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Although not one of the original Pilates exercises, the Roll Down is one of the most basic exercises and can highlight many weakness or imbalances within the body.  I will very often use the Pilates Roll Down (as opposed to a yoga roll down) as a warm up exercise in my classes and it is a super exercise for improving spine and back mobility.

Caution: The Roll Down is not suitable for everyone, particularly where there is osteopeonia or osteoporosis of the spine.  Not suitable for advanced stages of pregnancy.  If you are unsure if a roll down is a suitable exercise for you then do not do it.

How to do a Pilates Roll Down

Everyone has their own version of a Pilates roll down and this is mine.

  • Stand with your feet hip width apart.  The knees should be soft and not ‘locked’.  The natural curves of the spine should be present, with your ears, shoulders, hips and ankles stacked on top of one another.  There should be a lengthened feeling to the back of the neck and the eyes looking straight ahead, arms should be relaxed by your side.  Breathe laterally thinking about expanding the ribs to the side and back.
  • As you exhale, engage the lower abdominal muscles and lower the chin to the chest.  Make sure there is a gap between the chin and the chest, be careful not to jam the chin down.  Continue to roll down one vertebra at a time starting from the neck down to the lower back.  Try to feel each vertebra moving as you roll through the spine.
  • As you roll down, be careful not to collapse through the waist, imagine you are rolling up and over a large ball.  Keep the hips over the ankle bones as you roll down.  Your arms and shoulders stay relaxed.
  • Roll through the spine until the back is making a nice long C-curve shape.  You will feel a stretch through the lower back.  In this position, focus on your breathing again and imagine you are puffing up the lower back muscles with your breath.  Hold the stretch there for three deep breaths.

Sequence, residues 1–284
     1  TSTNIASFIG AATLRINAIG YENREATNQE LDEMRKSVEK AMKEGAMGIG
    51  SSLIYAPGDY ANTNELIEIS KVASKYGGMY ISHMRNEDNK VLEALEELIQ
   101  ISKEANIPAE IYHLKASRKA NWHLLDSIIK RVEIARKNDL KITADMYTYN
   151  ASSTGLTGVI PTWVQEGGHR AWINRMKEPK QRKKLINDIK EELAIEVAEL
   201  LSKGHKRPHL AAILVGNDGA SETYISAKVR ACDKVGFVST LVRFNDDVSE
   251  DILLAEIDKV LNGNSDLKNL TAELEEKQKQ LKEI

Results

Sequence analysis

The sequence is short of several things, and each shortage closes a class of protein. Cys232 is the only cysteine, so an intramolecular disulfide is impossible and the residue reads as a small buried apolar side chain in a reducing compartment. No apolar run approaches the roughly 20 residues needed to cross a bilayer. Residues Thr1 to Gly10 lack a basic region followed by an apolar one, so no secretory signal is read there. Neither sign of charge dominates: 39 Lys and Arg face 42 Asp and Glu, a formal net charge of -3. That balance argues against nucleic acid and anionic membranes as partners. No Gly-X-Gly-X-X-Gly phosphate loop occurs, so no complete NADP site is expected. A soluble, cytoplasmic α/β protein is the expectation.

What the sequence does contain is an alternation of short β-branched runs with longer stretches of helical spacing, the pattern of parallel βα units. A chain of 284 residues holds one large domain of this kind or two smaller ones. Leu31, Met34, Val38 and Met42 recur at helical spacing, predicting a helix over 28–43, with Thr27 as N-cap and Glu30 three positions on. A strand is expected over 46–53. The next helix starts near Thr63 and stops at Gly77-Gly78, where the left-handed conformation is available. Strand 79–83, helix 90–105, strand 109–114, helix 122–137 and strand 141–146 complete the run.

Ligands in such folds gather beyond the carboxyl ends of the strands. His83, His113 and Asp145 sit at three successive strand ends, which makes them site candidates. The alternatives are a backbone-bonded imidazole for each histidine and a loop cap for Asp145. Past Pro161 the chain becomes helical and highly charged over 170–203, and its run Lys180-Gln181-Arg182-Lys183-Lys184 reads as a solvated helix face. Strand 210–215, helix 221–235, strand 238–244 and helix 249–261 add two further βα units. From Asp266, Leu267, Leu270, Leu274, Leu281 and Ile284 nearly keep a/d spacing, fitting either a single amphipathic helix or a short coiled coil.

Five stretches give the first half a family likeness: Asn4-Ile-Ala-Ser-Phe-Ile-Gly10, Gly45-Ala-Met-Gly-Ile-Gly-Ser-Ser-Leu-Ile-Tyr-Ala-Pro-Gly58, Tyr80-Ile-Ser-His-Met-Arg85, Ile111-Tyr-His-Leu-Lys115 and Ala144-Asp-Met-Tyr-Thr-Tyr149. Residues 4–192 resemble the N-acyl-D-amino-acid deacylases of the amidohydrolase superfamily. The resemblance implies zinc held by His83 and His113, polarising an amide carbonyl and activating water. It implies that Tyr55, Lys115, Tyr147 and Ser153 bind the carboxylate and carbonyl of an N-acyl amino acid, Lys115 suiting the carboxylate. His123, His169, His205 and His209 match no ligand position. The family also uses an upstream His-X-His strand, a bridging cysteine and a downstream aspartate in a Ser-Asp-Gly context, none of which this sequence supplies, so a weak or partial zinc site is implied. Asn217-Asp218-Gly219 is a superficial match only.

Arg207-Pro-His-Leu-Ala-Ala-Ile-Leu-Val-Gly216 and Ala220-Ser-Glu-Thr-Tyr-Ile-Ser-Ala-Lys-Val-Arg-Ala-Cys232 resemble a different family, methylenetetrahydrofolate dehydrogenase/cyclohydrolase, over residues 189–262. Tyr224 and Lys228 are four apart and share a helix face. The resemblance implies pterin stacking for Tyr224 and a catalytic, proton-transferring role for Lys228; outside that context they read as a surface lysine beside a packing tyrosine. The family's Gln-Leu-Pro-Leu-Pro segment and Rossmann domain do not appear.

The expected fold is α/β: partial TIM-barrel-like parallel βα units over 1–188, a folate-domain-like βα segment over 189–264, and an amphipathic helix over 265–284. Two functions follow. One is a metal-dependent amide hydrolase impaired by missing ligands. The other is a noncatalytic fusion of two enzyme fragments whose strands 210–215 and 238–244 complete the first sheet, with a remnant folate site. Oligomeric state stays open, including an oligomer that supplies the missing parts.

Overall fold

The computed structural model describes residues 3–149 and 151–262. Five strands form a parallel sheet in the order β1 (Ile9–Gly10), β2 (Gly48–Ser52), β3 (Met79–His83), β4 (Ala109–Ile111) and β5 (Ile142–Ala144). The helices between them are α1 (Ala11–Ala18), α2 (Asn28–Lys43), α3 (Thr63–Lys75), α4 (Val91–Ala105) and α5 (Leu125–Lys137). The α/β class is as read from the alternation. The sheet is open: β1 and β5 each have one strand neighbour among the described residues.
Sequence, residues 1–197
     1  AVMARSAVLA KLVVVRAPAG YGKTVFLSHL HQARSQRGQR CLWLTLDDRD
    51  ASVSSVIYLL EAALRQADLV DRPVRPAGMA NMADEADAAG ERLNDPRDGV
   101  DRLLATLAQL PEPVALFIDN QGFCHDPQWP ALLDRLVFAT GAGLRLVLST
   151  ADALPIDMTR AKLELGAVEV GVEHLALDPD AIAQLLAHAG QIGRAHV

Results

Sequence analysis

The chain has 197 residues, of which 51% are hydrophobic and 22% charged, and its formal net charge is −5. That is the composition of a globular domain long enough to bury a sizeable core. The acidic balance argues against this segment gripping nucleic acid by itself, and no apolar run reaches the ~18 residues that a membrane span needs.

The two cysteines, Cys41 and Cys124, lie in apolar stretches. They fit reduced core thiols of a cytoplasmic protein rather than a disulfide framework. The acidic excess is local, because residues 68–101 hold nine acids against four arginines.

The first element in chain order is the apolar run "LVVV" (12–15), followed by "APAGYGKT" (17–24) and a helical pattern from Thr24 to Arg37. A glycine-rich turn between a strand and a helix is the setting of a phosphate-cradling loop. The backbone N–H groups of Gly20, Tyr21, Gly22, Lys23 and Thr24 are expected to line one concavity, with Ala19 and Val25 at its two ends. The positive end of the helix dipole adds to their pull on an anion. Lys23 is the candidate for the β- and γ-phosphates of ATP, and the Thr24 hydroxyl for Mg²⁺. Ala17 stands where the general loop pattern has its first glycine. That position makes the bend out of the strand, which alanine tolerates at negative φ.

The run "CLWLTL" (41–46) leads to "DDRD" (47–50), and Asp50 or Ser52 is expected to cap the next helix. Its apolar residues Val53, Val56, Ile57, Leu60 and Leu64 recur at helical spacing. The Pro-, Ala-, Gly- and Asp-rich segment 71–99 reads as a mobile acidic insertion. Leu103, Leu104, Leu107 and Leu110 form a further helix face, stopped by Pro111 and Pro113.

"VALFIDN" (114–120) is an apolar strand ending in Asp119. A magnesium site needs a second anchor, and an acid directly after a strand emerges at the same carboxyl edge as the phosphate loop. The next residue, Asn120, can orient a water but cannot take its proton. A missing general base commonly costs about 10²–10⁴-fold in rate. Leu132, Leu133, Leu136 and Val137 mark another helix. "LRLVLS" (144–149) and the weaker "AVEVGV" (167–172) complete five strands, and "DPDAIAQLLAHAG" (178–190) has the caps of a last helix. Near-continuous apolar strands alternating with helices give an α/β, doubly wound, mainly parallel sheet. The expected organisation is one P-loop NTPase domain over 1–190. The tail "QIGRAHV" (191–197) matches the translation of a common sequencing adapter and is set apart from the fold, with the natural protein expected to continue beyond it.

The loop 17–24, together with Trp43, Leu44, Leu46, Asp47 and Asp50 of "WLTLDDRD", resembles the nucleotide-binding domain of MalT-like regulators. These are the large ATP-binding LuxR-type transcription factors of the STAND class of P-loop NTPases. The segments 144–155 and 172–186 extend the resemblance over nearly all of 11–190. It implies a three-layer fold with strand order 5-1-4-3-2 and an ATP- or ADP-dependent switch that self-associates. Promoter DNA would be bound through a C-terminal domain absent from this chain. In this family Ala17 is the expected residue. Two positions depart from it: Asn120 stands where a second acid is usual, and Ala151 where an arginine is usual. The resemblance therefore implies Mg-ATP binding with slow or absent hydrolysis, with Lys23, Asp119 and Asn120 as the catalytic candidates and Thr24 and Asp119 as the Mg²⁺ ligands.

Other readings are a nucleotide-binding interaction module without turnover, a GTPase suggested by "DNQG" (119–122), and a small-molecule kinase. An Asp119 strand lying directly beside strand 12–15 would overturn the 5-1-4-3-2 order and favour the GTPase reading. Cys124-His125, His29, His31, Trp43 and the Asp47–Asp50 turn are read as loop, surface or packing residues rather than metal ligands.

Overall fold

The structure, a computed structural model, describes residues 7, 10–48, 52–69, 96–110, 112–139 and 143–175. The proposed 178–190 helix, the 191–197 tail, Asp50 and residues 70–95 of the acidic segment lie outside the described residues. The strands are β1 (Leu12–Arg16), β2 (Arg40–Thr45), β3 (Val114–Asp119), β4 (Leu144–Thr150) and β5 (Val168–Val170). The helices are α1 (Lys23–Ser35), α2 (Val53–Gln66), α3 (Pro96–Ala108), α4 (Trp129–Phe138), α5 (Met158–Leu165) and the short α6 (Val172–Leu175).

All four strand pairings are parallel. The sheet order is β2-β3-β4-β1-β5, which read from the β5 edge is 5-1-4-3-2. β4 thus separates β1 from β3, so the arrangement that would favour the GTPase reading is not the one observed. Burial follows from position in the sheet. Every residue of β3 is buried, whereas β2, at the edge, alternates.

• Exhale and engage your abdominal muscles and start to stack the vertebra, slowly coming up to standing.  As you roll up, remember to keep the hips over the ankle joints and be careful not to take all the weight into your heels.  Gradually return to your start position imagining you have created space in between each vertebra.

During your roll down, take care to notice what is happening in your body.  Do you start to stand more on one foot than the other?  Do your feet roll in or out?  Do you feel big chunks of the spine roll down or up at once?  Does a particular part of your back feel more of a stretch?  By noticing these things you become mindful of your body and can start to make the changes needed to create a better posture.

As you do this exercise it may help to imagine you are pressing your back into a wall (but keep the natural curves of the spine).  The head rolls forward and pulls the body away from the wall, little by little.

Please note that if you have very tight hamstrings then you may want to bend the knees a little more to make it more comfortable.

After completing four or five of these roll downs, you should start to feel looser through your spine.  These are a great way to start or end a day!